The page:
TOKYO • Japanese Prime Minister Shinzo Abe looks set to put priority on stability when he rejigs his Cabinet and top party line-up, retaining key ministers and tapping a veteran lawmaker who favours big spending as the ruling party's No. 2.
The reshuffle set for today comes as Mr Abe tries to rev up economic growth and handle multiple diplomatic challenges, and eyes the possibility of staying in office after his term as ruling Liberal Democratic Party (LDP) president ends in 2018.
Mr Abe, already Japan's longest-ruling premier in a decade, will likely retain his right-hand man, Chief Cabinet Secretary Yoshihide Suga, along with Finance Minister Taro Aso and Foreign Minister Fumio Kishida, media reports said.
All three have held their posts since Mr Abe took office in December 2012, pledging to reboot the deflation-plagued economy and bolster Japan's global diplomatic and security presence.
LDP policy chief Tomomi Inada, a hawkish Abe ally and potential premier, will get a portfolio - possibly defence, trade or agriculture - while Economics Minister Nobuteru Ishihara may be retained, along with Health, Welfare and Labour Minister Yasuhisa Shiozaki, said the reports. Public broadcaster NHK said Deputy Chief Cabinet Secretary Hiroshige Seko will be Trade and Industry Minister.
The Asahi newspaper said yesterday that Ms Inada will likely be defence minister, which may upset China and South Korea, given her conservative views on wartime history.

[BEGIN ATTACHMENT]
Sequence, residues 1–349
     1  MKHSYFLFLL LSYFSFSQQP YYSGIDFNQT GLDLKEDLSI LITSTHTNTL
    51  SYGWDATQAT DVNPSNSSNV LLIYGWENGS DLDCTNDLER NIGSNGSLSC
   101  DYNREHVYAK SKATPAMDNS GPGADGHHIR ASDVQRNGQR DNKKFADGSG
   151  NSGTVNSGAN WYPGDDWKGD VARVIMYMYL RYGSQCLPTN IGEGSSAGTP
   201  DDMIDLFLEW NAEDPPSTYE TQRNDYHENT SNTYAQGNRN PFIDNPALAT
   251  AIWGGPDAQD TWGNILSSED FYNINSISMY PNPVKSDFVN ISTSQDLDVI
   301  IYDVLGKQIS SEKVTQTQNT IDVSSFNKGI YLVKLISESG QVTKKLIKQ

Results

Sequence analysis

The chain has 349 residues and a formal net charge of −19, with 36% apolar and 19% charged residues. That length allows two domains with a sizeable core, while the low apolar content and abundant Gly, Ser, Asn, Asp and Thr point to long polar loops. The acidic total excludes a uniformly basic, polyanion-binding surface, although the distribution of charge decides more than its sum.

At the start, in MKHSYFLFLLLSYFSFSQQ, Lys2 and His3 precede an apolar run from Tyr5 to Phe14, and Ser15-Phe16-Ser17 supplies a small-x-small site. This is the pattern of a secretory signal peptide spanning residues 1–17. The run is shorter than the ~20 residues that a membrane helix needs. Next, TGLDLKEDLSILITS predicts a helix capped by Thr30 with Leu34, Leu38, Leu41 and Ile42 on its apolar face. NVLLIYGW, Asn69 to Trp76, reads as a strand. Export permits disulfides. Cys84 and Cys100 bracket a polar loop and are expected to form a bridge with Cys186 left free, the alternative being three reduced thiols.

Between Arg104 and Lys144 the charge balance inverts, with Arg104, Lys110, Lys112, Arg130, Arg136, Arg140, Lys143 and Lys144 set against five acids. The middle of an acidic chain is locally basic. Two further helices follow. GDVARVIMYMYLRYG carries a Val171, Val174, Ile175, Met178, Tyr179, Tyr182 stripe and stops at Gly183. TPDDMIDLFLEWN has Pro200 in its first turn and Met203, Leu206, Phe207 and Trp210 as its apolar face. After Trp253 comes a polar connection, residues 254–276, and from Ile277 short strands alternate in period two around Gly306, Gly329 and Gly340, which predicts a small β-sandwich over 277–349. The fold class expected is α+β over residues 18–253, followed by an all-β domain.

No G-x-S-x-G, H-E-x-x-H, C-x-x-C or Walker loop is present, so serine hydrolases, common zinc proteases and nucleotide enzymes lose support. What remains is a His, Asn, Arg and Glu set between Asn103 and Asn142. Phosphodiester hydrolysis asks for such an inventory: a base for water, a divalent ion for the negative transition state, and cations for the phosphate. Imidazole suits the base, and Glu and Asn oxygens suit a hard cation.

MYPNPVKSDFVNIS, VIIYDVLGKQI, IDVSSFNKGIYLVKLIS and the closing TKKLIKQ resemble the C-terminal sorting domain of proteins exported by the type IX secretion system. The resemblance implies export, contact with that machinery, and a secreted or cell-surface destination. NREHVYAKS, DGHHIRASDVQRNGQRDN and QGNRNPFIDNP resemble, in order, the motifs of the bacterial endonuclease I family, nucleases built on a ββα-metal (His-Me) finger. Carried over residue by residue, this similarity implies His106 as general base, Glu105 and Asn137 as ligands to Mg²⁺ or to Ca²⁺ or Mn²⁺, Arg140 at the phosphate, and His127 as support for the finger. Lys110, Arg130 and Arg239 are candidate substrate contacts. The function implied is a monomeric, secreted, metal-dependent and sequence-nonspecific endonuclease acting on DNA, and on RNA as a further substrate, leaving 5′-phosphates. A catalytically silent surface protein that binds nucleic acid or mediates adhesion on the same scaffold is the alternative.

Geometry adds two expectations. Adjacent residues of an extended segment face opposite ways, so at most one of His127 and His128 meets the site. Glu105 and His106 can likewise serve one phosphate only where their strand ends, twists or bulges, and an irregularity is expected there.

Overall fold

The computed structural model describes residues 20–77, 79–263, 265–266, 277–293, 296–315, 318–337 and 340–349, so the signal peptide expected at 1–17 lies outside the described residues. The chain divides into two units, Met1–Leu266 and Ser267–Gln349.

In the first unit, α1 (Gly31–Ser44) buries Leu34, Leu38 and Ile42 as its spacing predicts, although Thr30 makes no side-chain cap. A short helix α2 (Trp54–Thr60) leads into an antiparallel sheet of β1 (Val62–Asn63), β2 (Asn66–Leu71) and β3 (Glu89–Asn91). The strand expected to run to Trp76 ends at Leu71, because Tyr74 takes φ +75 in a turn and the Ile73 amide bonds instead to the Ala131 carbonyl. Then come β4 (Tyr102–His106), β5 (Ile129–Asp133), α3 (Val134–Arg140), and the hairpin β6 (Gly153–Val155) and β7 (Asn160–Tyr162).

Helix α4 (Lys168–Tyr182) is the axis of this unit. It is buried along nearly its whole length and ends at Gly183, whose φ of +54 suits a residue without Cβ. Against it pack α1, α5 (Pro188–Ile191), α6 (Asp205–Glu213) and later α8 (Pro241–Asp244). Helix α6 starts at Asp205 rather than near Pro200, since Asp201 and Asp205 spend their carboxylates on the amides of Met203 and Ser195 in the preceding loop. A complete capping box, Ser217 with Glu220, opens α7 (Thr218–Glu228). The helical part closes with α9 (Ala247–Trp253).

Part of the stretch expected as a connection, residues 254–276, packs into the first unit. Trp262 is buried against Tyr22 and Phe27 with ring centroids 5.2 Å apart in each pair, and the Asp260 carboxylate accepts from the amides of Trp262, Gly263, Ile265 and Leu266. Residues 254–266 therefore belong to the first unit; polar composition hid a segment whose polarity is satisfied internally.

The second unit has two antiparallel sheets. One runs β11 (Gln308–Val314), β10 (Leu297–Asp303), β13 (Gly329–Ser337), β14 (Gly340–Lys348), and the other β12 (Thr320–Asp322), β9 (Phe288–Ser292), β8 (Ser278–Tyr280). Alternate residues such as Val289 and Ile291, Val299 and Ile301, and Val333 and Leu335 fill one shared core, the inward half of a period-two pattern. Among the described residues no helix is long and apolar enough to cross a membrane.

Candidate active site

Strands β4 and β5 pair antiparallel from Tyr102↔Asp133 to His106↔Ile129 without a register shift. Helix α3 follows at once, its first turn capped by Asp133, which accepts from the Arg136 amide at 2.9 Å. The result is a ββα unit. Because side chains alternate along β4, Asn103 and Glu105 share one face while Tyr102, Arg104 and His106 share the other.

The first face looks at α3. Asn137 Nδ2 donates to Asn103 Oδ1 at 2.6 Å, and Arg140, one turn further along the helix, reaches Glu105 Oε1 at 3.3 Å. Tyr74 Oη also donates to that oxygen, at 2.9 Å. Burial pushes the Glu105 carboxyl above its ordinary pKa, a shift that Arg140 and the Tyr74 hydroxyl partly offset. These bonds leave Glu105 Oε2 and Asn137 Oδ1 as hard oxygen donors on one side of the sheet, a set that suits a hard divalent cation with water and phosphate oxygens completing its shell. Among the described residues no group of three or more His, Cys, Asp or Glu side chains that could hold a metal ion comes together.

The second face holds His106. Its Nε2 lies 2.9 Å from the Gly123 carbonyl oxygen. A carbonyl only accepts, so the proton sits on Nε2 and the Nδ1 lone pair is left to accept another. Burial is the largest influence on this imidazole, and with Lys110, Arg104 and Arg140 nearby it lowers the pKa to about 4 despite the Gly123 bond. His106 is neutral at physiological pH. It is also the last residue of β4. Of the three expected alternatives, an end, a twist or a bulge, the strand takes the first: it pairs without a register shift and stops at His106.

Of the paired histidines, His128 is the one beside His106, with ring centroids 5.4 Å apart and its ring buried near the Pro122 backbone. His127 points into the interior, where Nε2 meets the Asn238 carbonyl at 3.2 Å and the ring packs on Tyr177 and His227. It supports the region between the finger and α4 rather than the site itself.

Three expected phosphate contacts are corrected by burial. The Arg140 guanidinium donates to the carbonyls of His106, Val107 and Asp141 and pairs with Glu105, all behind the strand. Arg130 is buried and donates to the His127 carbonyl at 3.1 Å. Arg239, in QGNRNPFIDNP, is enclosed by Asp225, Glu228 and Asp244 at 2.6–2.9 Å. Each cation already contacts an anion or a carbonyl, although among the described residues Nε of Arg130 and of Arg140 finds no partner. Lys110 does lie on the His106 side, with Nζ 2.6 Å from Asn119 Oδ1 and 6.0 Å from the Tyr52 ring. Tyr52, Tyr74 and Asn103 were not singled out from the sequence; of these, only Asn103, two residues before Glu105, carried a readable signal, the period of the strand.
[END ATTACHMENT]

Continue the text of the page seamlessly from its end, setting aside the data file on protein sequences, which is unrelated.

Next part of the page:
Ms Inada, 57, shares Mr Abe's goal of revising the post-war, pacifist Constitution, seen by some conservatives as a humiliating symbol of Japan's World War II defeat.
She regularly visits Tokyo's Yasukuni Shrine, which honours war dead and is seen in China and South Korea as a symbol of Japan's past militarism. She would be the second woman in the defence post after newly elected Tokyo governor Yuriko Koike briefly held it in 2007.
Japanese media said another would-be successor, Minister for Regional Revitalisation Shigeru Ishiba, is considering declining to stay in the Cabinet to prepare for a run at Japan's top job when Mr Abe's term ends in September 2018.
Today, Mr Abe will also recast the LDP executive line-up. His expected appointment of Mr Toshihiro Nikai, 77, a big-spending advocate with friendly ties to China, as LDP secretary-general is seen by analysts as signalling the premier's hopes for a third term, since Mr Nikai has already indicated his support for the extension, which would require a change in party rules.
"Abe is seeking to perpetuate his power. He is not grooming any successor other than Inada, and she won't be ready yet," said Professor Koichi Nakano at Sophia University.
Yesterday, Mr Abe's current Cabinet approved 13.5 trillion yen (S$178 billion) in fiscal steps as part of efforts to revive the economy.